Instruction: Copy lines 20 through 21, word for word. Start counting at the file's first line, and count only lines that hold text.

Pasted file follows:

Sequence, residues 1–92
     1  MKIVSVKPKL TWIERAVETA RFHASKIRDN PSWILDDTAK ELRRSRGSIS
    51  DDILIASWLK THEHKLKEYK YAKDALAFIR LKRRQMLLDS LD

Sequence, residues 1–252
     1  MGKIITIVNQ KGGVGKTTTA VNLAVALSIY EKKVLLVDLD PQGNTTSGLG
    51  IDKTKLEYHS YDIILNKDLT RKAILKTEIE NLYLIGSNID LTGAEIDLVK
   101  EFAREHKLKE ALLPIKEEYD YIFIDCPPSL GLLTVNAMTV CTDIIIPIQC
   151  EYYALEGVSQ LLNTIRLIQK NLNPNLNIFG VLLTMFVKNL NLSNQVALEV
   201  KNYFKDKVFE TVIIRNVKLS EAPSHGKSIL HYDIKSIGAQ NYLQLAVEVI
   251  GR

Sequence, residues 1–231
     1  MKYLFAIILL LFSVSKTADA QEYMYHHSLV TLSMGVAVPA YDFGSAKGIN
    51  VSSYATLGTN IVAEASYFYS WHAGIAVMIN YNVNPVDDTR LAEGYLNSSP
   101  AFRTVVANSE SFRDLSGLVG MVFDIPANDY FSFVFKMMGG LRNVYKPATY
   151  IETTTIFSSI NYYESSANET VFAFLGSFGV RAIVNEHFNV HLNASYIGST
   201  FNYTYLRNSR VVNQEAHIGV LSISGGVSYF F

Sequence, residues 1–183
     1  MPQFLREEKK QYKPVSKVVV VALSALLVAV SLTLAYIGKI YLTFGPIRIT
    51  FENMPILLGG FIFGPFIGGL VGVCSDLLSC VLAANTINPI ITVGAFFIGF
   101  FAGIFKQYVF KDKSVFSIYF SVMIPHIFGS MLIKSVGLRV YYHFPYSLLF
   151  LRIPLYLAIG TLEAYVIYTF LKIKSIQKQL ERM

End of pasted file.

   101  FAGIFKQYVF KDKSVFSIYF SVMIPHIFGS MLIKSVGLRV YYHFPYSLLF
   151  LRIPLYLAIG TLEAYVIYTF LKIKSIQKQL ERM